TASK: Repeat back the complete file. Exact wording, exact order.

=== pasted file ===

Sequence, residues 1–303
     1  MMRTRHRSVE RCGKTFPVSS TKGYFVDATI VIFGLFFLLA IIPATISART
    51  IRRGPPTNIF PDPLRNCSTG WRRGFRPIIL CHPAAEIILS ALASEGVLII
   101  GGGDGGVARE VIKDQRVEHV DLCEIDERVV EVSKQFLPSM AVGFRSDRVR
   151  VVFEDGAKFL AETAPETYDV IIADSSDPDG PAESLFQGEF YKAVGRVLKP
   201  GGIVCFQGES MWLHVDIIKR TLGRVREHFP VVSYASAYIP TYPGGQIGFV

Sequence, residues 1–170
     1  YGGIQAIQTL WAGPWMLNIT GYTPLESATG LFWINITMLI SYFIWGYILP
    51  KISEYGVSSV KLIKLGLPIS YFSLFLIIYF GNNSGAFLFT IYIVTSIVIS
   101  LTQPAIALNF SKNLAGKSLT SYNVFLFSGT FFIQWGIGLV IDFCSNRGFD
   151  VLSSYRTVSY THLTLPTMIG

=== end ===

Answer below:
Sequence, residues 1–303
     1  MMRTRHRSVE RCGKTFPVSS TKGYFVDATI VIFGLFFLLA IIPATISART
    51  IRRGPPTNIF PDPLRNCSTG WRRGFRPIIL CHPAAEIILS ALASEGVLII
   101  GGGDGGVARE VIKDQRVEHV DLCEIDERVV EVSKQFLPSM AVGFRSDRVR
   151  VVFEDGAKFL AETAPETYDV IIADSSDPDG PAESLFQGEF YKAVGRVLKP
   201  GGIVCFQGES MWLHVDIIKR TLGRVREHFP VVSYASAYIP TYPGGQIGFV

Sequence, residues 1–170
     1  YGGIQAIQTL WAGPWMLNIT GYTPLESATG LFWINITMLI SYFIWGYILP
    51  KISEYGVSSV KLIKLGLPIS YFSLFLIIYF GNNSGAFLFT IYIVTSIVIS
   101  LTQPAIALNF SKNLAGKSLT SYNVFLFSGT FFIQWGIGLV IDFCSNRGFD
   151  VLSSYRTVSY THLTLPTMIG